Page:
Forest Service Reports on Budget Impacts of Firefighting
Authors: Michelle Medley-Daniel
Secretary of Agriculture, Tom Vilsack recently unveiled a US Forest Service report on the impacts of rising firefighting costs on the budgets of other National Forest programs. According to a press release from the USDA Office of Communications, “The Forest Service’s firefighting appropriation has rapidly risen as a proportion of the Forest Service’s overall budget, increasing from 16 percent in 1995 to 42 percent today, forcing cuts in other budget areas.”
As FAC practitioners many of us have experienced the disruption that “fire borrowing” can have on our work with Forest Service partners. While this dynamic doesn’t come as a surprise, how much firefighting costs have shifted Forest Service program budgets over time did surprise me. According to Secretary Vilsack, “In order to protect the public, the portion of the Forest Service budget dedicated to combating fire has drastically increased from what it was 20 years ago. This has led to substantial cuts in other areas of the Forest Service budget, including efforts to keep forests healthy, reduce fire risk, and strengthen local economies.”
Many fire adapted communities rely on strong partnerships with federal land managers to realize our goals. We know that communities exist within landscape contexts and a broad vision for how we adapt both local cultures, and local landscape management are critical to our FAC strategies. With major reductions to several of the Forest Services programs, including a 22% cut to the Vegetation and Watershed Management Program since 2001; declining Research funding; and a 63% cut to Land Management Planning, fire adapted communities have to reach even further to bridge the gap.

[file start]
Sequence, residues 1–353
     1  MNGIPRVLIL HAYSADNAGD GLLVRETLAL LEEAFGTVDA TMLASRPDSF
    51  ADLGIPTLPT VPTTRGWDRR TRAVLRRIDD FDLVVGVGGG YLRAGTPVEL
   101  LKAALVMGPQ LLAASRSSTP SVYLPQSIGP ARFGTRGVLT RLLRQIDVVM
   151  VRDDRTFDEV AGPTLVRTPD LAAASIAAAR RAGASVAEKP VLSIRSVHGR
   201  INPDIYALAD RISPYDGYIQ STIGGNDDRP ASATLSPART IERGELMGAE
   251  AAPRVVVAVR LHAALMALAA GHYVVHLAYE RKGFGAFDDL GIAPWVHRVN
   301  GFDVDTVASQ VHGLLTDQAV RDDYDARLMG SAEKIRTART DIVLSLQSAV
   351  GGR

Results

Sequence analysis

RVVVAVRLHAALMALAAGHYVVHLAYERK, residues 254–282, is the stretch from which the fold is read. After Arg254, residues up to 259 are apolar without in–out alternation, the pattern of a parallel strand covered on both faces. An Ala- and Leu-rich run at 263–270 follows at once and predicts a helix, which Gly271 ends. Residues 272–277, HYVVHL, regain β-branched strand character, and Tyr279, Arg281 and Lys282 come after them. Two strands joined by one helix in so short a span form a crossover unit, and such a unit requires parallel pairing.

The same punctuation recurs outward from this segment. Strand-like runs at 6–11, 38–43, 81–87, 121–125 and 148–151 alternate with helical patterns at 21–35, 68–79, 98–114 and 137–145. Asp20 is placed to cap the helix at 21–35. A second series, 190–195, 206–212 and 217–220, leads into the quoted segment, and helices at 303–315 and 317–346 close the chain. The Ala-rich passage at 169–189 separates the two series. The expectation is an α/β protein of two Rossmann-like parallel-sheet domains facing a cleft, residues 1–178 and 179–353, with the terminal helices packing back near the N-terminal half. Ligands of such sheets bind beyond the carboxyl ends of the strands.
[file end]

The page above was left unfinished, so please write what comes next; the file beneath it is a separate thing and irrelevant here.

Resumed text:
We know that mitigation funding is a smart investment. Dollar for dollar we get so much more value by acting vs. reacting, but making a shift in the way we allocate and spend funding won’t be easy. According to the press release, the Obama Administration’s proposed budget includes the requested change to “the way catastrophic fire costs are funded…The change means that in years when the cost of fighting wildfires exceeds the firefighting budget provided to the Forest Service by Congress, additional resources would be provided from an existing fund already in place to help provide emergency funding for natural disasters, rather than forcing the Forest Service to take money from other programs designed to protect forest health.”
In the meantime, fire adapted communities can help demonstrate strategies for living more safely with fire. To read the Forest Service’s full report, visit: http://www.fs.fed.us/sites/default/files/media/2014/34/nr-firecostimpact-082014.pdf
How have your FAC partners dealt with challenging funding dynamics? Share ideas for being proactive in the comments below.